GOP letter calls for live Rules broadcasts

Rules Committee Republicans are calling on Chairwoman Louise Slaughter (D-N.Y.) to install a camera in the panel's hearing room so that their meetings may be broadcast live, according to a letter obtained by The Hill.

Most of the committee rooms have cameras that feed live webcasts of hearings, but the Rules Committee does not have a camera installed.

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Republicans write in the letter that the reason cameras have not been installed is that, because the committee's business "is often messy, tradition dictates that it is best shielded from public view."

Rules Committee ranking member David Dreier (R-Calif.) and Reps. Lincoln Diaz-Balart (R-Fla.), Virginia Foxx (R-N.C.) and Pete Sessions (R-Texas) note in their letter however, that the room has the capability to broadcast proceedings.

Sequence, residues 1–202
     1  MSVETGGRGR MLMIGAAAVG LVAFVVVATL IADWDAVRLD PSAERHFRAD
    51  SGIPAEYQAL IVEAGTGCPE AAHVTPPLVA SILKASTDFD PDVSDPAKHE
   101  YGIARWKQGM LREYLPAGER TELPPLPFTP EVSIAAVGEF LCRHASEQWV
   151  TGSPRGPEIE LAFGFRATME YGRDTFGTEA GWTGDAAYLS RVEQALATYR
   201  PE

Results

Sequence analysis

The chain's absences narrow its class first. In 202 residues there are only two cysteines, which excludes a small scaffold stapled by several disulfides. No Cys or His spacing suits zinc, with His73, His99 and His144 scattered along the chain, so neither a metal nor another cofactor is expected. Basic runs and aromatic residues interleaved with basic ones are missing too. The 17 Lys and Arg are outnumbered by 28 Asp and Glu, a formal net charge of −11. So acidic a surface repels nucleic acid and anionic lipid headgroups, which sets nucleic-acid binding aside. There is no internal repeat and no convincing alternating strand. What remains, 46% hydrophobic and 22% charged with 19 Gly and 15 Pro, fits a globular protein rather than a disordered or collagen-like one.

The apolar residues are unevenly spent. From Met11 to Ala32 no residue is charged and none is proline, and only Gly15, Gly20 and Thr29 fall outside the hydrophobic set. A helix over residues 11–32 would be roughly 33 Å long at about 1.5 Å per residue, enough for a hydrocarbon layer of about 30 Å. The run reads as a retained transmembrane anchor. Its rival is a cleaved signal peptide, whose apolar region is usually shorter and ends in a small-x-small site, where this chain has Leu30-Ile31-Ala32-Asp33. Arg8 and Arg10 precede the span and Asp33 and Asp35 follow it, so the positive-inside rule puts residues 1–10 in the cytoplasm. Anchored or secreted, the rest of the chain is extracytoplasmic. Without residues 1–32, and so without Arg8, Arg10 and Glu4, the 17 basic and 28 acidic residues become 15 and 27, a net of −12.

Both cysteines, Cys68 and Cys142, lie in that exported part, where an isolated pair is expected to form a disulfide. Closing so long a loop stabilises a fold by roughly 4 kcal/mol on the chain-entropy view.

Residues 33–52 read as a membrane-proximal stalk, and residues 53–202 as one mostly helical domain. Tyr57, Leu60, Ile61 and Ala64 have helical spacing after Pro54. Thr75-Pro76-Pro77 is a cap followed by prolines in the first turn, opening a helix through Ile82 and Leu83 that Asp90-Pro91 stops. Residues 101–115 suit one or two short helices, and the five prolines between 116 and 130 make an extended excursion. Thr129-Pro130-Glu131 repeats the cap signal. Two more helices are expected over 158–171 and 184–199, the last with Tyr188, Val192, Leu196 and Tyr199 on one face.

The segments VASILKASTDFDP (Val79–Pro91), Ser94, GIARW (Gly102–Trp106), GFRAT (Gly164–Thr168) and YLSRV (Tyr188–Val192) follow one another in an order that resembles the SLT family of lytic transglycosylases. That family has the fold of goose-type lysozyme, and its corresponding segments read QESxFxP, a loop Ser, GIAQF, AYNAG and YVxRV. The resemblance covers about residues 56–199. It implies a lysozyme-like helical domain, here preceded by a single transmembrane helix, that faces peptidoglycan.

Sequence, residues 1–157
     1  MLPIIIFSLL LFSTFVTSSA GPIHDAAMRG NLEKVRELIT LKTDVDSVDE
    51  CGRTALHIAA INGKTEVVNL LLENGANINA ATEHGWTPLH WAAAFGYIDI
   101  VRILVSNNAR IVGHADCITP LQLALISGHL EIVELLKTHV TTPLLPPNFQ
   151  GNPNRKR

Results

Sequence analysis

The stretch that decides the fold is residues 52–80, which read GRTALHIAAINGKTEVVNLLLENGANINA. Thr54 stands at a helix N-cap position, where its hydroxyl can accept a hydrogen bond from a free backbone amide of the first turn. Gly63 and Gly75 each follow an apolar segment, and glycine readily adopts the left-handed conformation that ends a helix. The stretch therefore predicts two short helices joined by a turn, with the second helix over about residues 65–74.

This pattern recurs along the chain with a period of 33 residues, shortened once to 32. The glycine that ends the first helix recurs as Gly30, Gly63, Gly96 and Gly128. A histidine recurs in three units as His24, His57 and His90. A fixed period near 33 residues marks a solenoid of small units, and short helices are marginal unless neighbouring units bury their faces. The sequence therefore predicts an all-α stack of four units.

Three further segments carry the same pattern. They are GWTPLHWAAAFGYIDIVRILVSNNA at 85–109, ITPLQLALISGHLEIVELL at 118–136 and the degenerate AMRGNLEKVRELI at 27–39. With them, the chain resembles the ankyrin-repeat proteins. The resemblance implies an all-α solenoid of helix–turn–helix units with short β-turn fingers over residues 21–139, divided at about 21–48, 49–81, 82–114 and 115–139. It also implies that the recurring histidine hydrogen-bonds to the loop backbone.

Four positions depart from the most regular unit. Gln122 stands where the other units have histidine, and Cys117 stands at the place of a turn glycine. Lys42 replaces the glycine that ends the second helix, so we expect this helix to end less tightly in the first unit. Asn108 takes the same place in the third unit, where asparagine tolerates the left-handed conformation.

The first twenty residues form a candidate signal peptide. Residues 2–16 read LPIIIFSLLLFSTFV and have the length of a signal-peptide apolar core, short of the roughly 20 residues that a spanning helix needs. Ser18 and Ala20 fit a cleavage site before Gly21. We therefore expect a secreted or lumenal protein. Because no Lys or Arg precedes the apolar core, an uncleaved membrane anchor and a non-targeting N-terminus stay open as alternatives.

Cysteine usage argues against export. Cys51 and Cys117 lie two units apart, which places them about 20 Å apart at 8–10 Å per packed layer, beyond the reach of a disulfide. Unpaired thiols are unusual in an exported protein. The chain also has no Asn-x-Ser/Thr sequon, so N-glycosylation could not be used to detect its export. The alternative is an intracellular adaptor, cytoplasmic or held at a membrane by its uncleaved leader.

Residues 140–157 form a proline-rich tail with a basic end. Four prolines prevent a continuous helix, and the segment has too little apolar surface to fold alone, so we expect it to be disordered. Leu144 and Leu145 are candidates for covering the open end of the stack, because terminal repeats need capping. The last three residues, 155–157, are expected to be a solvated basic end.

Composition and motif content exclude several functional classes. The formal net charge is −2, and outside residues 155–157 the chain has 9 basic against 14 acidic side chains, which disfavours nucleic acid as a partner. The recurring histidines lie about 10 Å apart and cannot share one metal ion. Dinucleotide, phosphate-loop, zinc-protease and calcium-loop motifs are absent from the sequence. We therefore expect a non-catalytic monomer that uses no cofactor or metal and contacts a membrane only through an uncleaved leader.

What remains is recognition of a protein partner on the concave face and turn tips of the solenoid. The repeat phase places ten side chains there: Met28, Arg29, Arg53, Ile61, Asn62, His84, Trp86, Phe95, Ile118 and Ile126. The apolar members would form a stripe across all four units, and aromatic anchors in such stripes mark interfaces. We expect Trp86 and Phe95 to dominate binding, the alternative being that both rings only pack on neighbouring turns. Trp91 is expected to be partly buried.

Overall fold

“Much of the architectural work required for the installation of cameras was completed about 4 years ago during the last renovation of the hearing room and we understand that the costs associated with installing the cameras do not come from the Committee's regular budget,” they state in the letter.

Rep. Steve King (R-Iowa) introduced a bill that would require the Rules Committee to meet on the House floor so that C-SPAN cameras would have to broadcast the proceedings.

Over the past few months, Republicans have launched many floor protests over what they consider to be heavy-handed, unprecedented restrictions on appropriations bills that prevent them from offering amendments.

Traditionally, appropriations bills have been open so that all members may offer amendments on the floor.

After Republicans proposed to offer dozens of often controversial amendments to the first funding bill, Appropriations Committee Chairman David Obey (D-Wis.) shut down business on the floor to get the Rules Committee to pick which amendments would be considered.

“Whether it is a 300-page amendment dropped in Members' laps at 3 o'clock in the morning, a conference report authorizing large payouts to AIG executives, or the Rules Committee's new-found role as the arbiter of every amendment considered on the floor of the House, the public deserves to see what we're up to in the Rules Committee,” they write.